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Re: Seating rearrangement as a factor of students' motivation
« Reply #3 on: April 03, 2012, 12:42:19 PM »
When I first taught one my classes, we were sitting in "theater" style, but once I changed it to a "U" shape, I saw a huge increase in student participation. Instead of just listening to me, the students were paying more attention and responding to things that their classmates said. I also find it much easier to reach each group and give feedback/suggestions when students are working in groups/pairs
« Last Edit: April 03, 2012, 12:45:22 PM by marta2 »

Offline twang13

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Re: Seating rearrangement as a factor of students' motivation
« Reply #4 on: April 03, 2012, 12:44:06 PM »
This is an interesting information. The most difficult part I think about is how to make it possible to easily change the seat arrangement in the class if the class is long. If the equipment could be mobile, that would be wonderful! But I know it will be very expensive. :P But we still could make it manually as long as teachers could have good class management.

Offline tsong

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Re: Seating rearrangement as a factor of students' motivation
« Reply #5 on: April 03, 2012, 12:54:45 PM »
I remember learning about this in my early childhood edu courses, saying that student misbehavior may not be due to just the student, but maybe to the teacher or seating arrangement. If they can't see, then they won't focus! Also, I agree with the point about personality traits, and that that should be considered to provide optimal learning conditions for each student. Maybe if the students are older, you could let them choose where to sit. Of course, forewarn them that if their choice of seating affects their focus or studies, you will move them. If you notice that friends are sitting together and they're still focusing, that should be okay. However, if they become too chatty or relaxed in class or "working together" on too many assignments, you would of course move them. For younger children, or for when you first meet your students, you don't have much background or real knowledge about them. You might hear about them from previous teacher, but you don't actually know for sure yet, and the student may be different in your class! In that case, you'd have to observe how your students perform in different situations, and maybe even what students they work better with. Then, when it comes time to change seats, take those into account. Also, for the younger ones, you'll probably be switching seats a couple times a year/semester so that they can learn different things from different classmates. ;D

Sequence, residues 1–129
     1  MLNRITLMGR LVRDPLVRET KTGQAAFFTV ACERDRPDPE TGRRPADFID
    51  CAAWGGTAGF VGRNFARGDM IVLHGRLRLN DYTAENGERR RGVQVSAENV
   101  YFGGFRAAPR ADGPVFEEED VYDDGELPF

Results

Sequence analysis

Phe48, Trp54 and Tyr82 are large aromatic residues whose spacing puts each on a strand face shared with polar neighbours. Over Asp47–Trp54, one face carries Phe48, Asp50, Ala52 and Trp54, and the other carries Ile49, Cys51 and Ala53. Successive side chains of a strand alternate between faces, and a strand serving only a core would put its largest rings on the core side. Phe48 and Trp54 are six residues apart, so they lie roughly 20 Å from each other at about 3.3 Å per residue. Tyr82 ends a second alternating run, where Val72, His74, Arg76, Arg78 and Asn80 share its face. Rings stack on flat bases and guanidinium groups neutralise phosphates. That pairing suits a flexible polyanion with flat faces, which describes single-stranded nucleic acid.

Offline Evan Branson

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Re: Seating rearrangement as a factor of students' motivation
« Reply #6 on: March 10, 2016, 05:49:26 PM »
I think this is an interesting potential study. What if we could compare a large number of similar classrooms with all variables held except for classroom seating differences? hmm... Or has this already been done?